None of these are serious problems in my opinion, they just don’t click with me properly. A quick flip-through of the book should be enough for you to judge whether or not you agree with me.

Indeed, these problems are inconsequential. The lay-out of the product is excellent. Material is laid out in an intuitive and consistent fashion and a detailed table of contents will make it easy to find what you’re looking for. You won’t find any weird placement of information – such as sticking a section on weapon damage in the equipment section rather than the combat section with the rest of the weapon damage information – that seems to be trendy with certain companies.

So, to sum up: Externally this product is visually fantastic. Internally, it is visually boring. The lay-out is useful, productive, and easy-to-use however – and that’s the most important thing. It is only my aesthetic sense which is offended.


The first section of the book serves both as a reference for players and as a general introduction to the book. The first chapter (“Welcome to the Lodge”), serves as that general introduction.

Chapter Two (“Indian Country”) gives a broad overview of Indian history, as well as comprehensive look at the major tribes and organization of Indian society. Chapter Three (“Making an Indian”) provides details on modifying the basic character creation rules found in the main rulebook for Indian characters – including your role in Indian society, the selection of your Guardian Spirit, and new aptitudes, edges, hindrances, knacks, and gear. The section of the book also contains new archetypes for use by the GM and players both.

Chapter Four (“Guardian Spirits”) details the workings of Guardian Spirits, while Chapter Five (“Strange Medicine”) expands and improves upon the medicine rules found in the main rulebook, providing more options and details.


Chapter Six (“Objects Sacred and Profane”) detail the rules for creating and using ‘medicine objects’ (magical items). This is an exceptionally useful resource for the GM, as is the next chapter (Chapter Seven – “The Hunting Grounds”) which details the extradimensional realm of the Hunting Grounds.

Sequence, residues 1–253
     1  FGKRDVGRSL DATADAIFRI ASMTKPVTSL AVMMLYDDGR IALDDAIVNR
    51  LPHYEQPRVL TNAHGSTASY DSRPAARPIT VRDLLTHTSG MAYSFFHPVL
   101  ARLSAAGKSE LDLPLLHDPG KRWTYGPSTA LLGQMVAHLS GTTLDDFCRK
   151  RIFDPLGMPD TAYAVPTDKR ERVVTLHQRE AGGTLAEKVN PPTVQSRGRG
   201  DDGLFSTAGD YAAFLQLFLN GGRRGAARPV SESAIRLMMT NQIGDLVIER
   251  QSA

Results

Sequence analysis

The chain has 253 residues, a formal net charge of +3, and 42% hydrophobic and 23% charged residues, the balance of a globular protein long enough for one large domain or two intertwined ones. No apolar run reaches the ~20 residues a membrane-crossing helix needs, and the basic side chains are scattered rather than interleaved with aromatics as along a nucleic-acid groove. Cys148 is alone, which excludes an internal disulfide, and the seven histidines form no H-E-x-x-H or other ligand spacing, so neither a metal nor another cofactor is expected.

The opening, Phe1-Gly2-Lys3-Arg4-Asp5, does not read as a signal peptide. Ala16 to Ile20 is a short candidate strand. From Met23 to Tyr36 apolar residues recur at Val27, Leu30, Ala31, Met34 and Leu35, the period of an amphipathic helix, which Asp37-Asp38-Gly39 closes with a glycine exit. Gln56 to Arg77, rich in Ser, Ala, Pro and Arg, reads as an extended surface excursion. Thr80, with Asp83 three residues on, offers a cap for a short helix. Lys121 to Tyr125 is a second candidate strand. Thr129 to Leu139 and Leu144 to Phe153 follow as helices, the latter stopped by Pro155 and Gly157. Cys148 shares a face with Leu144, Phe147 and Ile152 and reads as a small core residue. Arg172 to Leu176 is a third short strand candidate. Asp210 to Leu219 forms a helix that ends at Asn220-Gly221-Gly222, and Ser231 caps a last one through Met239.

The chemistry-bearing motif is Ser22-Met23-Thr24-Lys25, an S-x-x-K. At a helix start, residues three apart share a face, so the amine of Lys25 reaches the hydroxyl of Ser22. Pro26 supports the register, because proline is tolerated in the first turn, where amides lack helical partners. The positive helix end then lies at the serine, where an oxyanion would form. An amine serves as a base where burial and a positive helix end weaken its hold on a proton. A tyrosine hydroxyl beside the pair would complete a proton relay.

If there is one reason above all others to buy this book it is the material found in Chapter Seven. With amazing grace the designers allow the Hunting Grounds to be not only something of significance and importance to Indians, but to all religious groups. In the Weird West the magical forces which have been interpreted through the faith and religion of humanity are all too real – and it was the release of those forces from what the Indians call the Hunting Grounds (and Christians would call Heaven, Purgatory, and Hell) during the Reckoning that created the alternate history which Deadlands details.

In my mind, therefore, understanding and being able to use the Hunting Grounds in a Deadlands campaign is extremely important – and this book is the key to allowing that. As a result, every Marshal/Chief/GM should own a copy of Ghost Dancers.


Chapter Eight (“The Chief’s Guide”) provides everything about the Indians of the Weird West that the players just aren’t supposed to know. I won’t go into details here, because there are probably several players reading this review, but some of the stuff you uncover here is truly exciting and made me want to go out and start writing adventures.

Chapter Nine (“Secret Societies”) details the Ghost Dance (from which the book gets its name) and the Raven Cult. The Ghost Dance is a ritual revealed to the Paiute tribe – it preaches of peace and tolerance, and foretells of a time when the white man will be driven from his lands and the red man shall return to power. A time which shall be prophesied in the birth of a pure white buffalo calf.

The Raven Cult — as anyone whose familiar with the Deadlands game knows – is responsible for the Reckoning. They, too, foretell a future where the white man has been driven from the lands of the Indians – but they see the way to this future as one paved in blood and violence.

The GM will learn everything he needs to know about these two secret societies. Once again this is important information and mandates buying this sourcebook. The information on the Raven Cult is important because of the role in the origins of the Weird West setting. The Ghost Dance is important because they are clearly going to become important in the future of the Weird West.


This book is an excellent and required resource for the GM of a Deadlands game, but only of mild interest to a player (even if the player happens to have an Indian character). I suggest that only one copy is really necessary for any gaming group, but that one copy is necessary for any long-term campaigns set in the Weird West.

Style: 3
Substance: 4

Author: Paul Beakley
Company/Publisher: Pinnacle Entertainment Group
Cost: $20.00
Page count: 128
ISBN: 1-889546-20-8
Originally Posted: 1998/06/19